NL West Notes: Diamondbacks, Maurer, Rockies

Grant Brisbee of SB Nation lists 13 of the biggest holes facing MLB clubs. Since the article was published, the Reds added a left fielder and the Phillies became even weaker. My favorite is Diamondbacks catcher. Currently, that’s Tuffy Gosewisch with Rule 5 pick Oscar Hernandez serving as the backup. Despite learning earlier tonight that the Orioles are seeking to add more catching depth, they do have five on the active roster. I’d be willing to bet somebody like Steve Clevenger, Ryan Lavarnway, or a cast-off from another organization will filter into Phoenix before the end of spring training.

  • Personal connections between players and evaluators can affect transactions, writes Nick Piecoro of the Arizona Republic. Knowing an individual can create a comfort level because so much of baseball is based on character and competitive drive. One NL scout said: “If you just look around, there’s normally a connection there with somebody who is acquiring, they know the guy and sometimes it helps the trade develop.” The article is chock full of good quotes and observations on the topic. The opening is especially pertinent to fans of the Diamondbacks, Dodgers, and Padres.
  • The Seth Smith trade worked out nicely for San Diego, writes Jeff Sanders of the San Diego Union-Tribune. They get out from under $12MM owed to Smith while acquisition Brandon Maurer remains club controlled for five seasons. The Friars may give Maurer a chance to start, but he could also be groomed for late inning relief.
  • The Padres have overhauled their roster, but there’s still no clear leadoff hitter, writes Corey Brock of It’s possible that could be the next target for GM A.J. Preller. Internal candidates like Will Venable and Yangervis Solarte were discussed for the role prior to the flurry of trades. Both appear to be backups now. Catcher Derek Norris has the on base percentage for the job, if not the classic speed associated with batting first.
  • As the Rockies enter the new year, the attention is on newly signed catcher Nick Hundley, writes Thomas Harding of It’s presumed that the move will make it easier to send bat-first catcher Wilin Rosario to the American League. While the Rockies claim they need to be blown away for Rosario, this type of move often presages a transaction.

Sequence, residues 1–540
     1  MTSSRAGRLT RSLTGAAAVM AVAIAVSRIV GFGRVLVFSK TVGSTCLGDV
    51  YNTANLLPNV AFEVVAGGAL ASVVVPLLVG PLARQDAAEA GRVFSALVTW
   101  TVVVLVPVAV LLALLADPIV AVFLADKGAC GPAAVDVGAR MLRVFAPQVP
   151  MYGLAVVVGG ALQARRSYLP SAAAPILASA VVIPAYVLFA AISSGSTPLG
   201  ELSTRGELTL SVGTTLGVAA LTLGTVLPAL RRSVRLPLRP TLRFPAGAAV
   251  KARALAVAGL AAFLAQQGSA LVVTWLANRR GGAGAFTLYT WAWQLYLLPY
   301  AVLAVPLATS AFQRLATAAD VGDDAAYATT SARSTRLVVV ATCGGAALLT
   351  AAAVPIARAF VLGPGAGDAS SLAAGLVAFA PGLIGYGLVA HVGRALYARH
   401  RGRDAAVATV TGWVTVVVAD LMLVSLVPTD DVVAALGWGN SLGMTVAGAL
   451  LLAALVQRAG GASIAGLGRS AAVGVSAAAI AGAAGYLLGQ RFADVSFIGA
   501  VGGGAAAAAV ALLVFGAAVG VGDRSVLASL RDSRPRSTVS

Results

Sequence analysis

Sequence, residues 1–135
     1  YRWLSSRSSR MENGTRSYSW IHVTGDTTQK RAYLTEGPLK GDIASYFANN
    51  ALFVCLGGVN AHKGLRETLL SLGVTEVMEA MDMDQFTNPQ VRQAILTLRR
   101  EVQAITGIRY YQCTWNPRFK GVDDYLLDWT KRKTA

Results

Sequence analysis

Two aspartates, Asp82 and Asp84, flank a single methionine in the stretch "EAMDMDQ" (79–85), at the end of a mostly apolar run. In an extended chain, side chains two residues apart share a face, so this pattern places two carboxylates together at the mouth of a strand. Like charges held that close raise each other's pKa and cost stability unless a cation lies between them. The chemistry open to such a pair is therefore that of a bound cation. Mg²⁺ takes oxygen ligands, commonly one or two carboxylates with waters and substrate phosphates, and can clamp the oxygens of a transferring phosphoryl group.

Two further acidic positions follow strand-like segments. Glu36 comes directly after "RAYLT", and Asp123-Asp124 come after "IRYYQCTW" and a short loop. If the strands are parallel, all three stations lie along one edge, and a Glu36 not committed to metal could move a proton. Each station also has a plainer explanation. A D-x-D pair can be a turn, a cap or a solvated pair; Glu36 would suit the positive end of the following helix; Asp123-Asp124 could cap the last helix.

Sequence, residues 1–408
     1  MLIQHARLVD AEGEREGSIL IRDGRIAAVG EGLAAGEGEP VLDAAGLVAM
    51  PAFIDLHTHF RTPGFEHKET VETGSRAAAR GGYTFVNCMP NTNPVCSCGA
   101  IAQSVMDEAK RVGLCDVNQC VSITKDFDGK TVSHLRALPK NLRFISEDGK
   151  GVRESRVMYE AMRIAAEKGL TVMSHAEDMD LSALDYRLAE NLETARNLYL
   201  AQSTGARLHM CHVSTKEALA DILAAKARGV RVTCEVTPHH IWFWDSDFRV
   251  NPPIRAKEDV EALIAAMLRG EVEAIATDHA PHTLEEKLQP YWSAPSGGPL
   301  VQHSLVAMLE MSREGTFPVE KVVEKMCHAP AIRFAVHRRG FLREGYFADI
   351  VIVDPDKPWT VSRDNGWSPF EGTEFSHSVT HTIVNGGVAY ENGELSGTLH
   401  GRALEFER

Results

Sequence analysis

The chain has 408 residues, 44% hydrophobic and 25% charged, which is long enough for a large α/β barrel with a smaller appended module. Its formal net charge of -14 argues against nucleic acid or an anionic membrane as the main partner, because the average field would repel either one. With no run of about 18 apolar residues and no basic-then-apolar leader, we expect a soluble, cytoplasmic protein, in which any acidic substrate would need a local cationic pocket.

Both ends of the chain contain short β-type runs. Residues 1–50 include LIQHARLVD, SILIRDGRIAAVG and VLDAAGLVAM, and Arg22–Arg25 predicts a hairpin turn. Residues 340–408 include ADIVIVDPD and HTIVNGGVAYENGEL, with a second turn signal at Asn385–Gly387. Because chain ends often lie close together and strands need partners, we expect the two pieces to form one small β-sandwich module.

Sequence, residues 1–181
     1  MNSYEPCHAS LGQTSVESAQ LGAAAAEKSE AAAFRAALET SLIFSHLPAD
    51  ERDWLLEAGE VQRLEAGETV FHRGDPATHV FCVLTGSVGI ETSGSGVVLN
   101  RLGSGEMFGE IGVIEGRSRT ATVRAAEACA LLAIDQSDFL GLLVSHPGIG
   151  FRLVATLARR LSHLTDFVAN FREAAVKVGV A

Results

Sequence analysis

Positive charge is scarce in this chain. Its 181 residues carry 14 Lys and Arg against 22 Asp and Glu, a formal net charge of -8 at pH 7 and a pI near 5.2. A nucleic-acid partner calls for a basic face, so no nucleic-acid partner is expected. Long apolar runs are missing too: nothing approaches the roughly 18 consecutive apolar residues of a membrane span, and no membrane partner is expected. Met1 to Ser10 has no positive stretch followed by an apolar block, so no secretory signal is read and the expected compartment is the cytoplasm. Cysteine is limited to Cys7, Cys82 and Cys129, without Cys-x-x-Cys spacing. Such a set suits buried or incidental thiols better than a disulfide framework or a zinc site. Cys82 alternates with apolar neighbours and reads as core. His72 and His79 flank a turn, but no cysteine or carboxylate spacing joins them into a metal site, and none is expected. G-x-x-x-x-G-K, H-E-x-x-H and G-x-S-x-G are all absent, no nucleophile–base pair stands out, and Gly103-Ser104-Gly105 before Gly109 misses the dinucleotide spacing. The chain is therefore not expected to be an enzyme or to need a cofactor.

Mariners Notes: Smith, Maurer, First Base

Here are a few notes on the Mariners, who shipped young righty Brandon Maurer to San Diego for Seth Smith yesterday.

  • Smith doesn’t have a broad skill set, but given how good he is at hitting right-handed pitching, he’s an excellent fit for the Mariners, Paul Swydan of Fangraphs writes. And unlike many good hitters against righties, Smith plays outfield and isn’t incredibly costly.
  • Still, the trade might not work out for Seattle, Christina Kahrl of writes. Smith is signed through 2016 (for $13MM, which isn’t prohibitive but also isn’t nothing for a part-time player) and might not hold up through age 33, while Maurer has plenty of upside and could benefit from joining up with PETCO Park and Bud Black. The Padres have gotten good value by acquiring pitchers like Andrew Cashner and Tyson Ross in trades, and they might do so again with Maurer, meaning the Padres might be selling high and buying low.
  • The Mariners don’t seem inclined to add another first baseman to back up Logan Morrison despite Morrison’s past injury issues, Bob Dutton of the Tacoma News Tribune writes. “We’re going to work real hard with Jesus Montero in spring training,” says GM Jack Zduriencik. “We’ve talked about the strides he’s made this winter. We’ll see if he’s a player or not.” Dutton adds that Brad Miller could be a factor at first if Chris Taylor wins the starting shortstop job.

Padres, Mariners Swap Seth Smith, Brandon Maurer

The Padres and Mariners have announced a trade that will send outfielder Seth Smith from San Diego to Seattle in exchange for right-hander Brandon Maurer.

Seth Smith

The 32-year-old Smith (pictured) unquestionably had an excellent 2014 campaign, and his career year earned him a two-year $13MM extension in early July. He’s slated to earn $6MM in 2015, $6.75MM in 2016 and has a $7MM club option ($250K buyout) for the 2017 season. The Padres, at the time of the signing, assured Smith that he wouldn’t be traded after signing, but that assurance was made by different leadership; GM A.J. Preller was not in place yet at that time.

Preller has taken a dogged approach to acquiring talent via trades this offseason, successfully obtaining an entirely new outfield of Justin Upton, Wil Myers and Matt Kemp. Those three additions have left Smith without regular at-bats, and his inability to handle center field makes him a poor choice as a fourth outfielder. Thus, despite hitting a strong .266/.367/.440 with 12 homers, he found himself a frequently mentioned trade candidate. Smith’s strong production was the best of his career, especially considering that it came at Petco Park, but the new Padres front office may have been wary of his ability to repeat a career year.